Peter was counsel for a Wet’suwet’en fisher, Jerry Nikal, and fought for his aboriginal fishing rights in the Moricetown Canyon and also for the determination that the canyon formed part of the reserve lands (1990-1995)  On the first basis he was successful  but the Bulkley River was determined not to be part of the reserve lands.

In 2014, Peter succeeded in enjoining Canfor from logging in the Kelah territory,  a Wet’suwet’en House territory, and then negotiated an agreement with the Province that the area would be permanently protected from resource development.

Between 2008 and 2019, Peter represented the Nak’azdli and Tl’azh’ten Nations in suing Canada for breach of the 1911 Barricade Treaty by which Canada promised compensation in exchange for the removal of weirs.

Negotiation of resource development agreements between Indigenous governments & corporations

Peter has negotiated complex accommodation agreements with respect to oil and gas developments in northeast British Columbia and compensation from BC Hydro for damages to reserve lands.

Negotiating overlap agreements including treaties of peace & friendship between neighbouring aboriginal nations

Peter negotiated a treaty between two indigenous nations and was involved in bringing the elders of both nations together in a safe environment for the issue to be resolved by the recounting of their respective oral histories.  After three days of discussions by the elders of the two Nations,  an agreement to resolve the boundaries consistent with the histories of the Nations was achieved.

Negotiation of Land transfers to Reserve status that had been unlawfully taken & compensation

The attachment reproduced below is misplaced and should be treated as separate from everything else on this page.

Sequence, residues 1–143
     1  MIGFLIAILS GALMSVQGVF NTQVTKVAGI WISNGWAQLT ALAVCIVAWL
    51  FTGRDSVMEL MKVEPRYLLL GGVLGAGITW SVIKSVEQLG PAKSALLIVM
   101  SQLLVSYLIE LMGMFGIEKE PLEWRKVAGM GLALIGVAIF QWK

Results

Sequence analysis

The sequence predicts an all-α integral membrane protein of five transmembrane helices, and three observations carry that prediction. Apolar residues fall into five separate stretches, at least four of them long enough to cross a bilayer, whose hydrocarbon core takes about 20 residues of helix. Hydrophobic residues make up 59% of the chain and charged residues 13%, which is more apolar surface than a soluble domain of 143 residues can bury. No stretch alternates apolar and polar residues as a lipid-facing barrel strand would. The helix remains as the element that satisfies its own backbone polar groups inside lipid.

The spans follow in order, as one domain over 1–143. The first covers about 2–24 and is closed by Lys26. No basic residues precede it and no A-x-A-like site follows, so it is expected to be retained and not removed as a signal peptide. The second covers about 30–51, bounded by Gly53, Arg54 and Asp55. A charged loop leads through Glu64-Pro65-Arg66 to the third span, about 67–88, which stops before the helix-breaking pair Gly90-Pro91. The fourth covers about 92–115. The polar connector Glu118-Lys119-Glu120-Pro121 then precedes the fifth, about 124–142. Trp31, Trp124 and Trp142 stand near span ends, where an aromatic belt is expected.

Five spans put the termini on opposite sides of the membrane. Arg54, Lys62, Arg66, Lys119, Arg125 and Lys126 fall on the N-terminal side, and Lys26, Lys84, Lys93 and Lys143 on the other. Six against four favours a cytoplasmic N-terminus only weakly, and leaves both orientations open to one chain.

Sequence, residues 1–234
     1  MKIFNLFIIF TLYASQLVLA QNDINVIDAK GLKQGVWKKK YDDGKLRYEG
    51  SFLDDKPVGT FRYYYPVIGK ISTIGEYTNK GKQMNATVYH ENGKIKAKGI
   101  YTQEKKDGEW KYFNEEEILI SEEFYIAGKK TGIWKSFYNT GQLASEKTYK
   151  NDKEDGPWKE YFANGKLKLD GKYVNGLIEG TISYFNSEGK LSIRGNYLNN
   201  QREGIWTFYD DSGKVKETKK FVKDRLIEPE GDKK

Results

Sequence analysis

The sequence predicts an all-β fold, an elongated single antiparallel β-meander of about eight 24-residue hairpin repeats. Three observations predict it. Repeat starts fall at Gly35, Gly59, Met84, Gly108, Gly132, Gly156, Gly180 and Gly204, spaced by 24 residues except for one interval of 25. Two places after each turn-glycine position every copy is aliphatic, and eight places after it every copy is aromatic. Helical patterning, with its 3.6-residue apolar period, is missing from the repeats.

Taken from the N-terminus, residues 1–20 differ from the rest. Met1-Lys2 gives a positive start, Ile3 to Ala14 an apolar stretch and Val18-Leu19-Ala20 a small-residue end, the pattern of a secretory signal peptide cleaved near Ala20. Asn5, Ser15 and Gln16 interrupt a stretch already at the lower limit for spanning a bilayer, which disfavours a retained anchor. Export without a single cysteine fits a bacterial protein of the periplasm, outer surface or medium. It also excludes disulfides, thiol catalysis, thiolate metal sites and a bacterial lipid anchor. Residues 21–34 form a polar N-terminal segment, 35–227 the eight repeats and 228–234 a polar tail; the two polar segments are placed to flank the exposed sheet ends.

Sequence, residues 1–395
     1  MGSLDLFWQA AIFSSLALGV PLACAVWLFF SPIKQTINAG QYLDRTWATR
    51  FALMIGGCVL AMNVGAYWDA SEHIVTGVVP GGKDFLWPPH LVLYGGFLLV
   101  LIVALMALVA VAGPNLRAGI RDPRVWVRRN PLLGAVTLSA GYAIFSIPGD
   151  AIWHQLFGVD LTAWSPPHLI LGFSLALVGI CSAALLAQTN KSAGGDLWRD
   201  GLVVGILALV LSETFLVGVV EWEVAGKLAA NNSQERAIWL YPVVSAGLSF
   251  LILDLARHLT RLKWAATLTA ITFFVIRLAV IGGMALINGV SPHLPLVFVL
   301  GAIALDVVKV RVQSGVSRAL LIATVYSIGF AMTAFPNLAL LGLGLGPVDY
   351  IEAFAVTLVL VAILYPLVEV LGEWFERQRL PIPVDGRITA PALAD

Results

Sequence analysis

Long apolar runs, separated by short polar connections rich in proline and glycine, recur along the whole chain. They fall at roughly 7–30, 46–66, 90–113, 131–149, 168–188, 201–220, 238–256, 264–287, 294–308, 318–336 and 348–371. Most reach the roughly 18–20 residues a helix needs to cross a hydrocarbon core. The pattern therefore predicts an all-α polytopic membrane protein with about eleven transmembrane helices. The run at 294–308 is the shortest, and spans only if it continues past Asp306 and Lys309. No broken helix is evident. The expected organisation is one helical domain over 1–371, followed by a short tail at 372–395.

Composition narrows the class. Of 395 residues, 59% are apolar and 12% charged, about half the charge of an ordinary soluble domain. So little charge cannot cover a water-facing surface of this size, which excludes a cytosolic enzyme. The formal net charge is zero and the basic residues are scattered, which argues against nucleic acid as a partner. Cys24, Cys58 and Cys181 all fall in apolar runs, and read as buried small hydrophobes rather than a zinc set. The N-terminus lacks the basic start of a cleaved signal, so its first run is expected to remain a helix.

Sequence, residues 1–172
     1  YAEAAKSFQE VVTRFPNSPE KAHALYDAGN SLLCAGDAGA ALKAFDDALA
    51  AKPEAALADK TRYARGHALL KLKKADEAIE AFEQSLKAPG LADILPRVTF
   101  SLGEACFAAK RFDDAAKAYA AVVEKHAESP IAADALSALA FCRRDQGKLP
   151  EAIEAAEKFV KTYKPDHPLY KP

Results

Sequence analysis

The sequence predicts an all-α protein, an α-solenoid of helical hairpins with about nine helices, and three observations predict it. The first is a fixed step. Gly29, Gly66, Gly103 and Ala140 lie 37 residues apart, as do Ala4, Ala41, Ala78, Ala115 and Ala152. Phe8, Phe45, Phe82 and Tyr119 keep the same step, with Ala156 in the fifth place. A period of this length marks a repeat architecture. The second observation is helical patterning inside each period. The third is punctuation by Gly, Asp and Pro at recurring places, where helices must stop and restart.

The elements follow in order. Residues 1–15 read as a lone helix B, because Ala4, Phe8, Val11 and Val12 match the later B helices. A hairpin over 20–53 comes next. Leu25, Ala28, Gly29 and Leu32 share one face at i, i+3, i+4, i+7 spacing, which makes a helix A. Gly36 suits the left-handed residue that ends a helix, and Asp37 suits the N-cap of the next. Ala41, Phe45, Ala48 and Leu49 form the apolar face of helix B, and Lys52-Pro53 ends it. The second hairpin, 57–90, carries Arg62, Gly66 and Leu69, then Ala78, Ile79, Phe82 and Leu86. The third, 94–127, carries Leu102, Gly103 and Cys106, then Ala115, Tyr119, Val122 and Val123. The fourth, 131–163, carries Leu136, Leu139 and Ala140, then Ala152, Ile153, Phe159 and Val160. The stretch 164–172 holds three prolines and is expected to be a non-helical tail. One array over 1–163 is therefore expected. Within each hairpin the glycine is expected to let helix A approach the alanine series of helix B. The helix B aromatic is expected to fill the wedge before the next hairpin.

Peter successfully assisted First Nation governments to negotiate extensive compensation for the wrongful taking of reserve lands without consent or even consultation for road purposes in several parts of British Columbia.

Litigation & negotiation of Residential School claims

Peter was counsel for the Plaintiffs in the seminal Blackwater v. Plint;  Aleck v. Clarke and FSM v. Clarke cases in the late 1990’s which were the first  residential school cases to go to trial.  He argued appeals in the Blackwater and Aleck cases in the BC Court of Appeal and in the former case all the way to the Supreme Court of Canada.

This litigation, together with class actions commenced in other provinces and the political action of the former national Chief of the AFN,  Phil Fontaine,  led to the negotiation of the Indian Residential School Agreement in 2006.   Peter was directly involved in those negotiations and has remained a representative on the National Administration Committee responsible for implementing that Agreement.  Since 2010,  Peter has been the chair of the National Administration Committee.

He successfully argued for protection of the confidentiality of residential school claimants records unless they consented otherwise in the Ontario Superior Court,  Ontario Court of Appeal and the Supreme Court of Canada.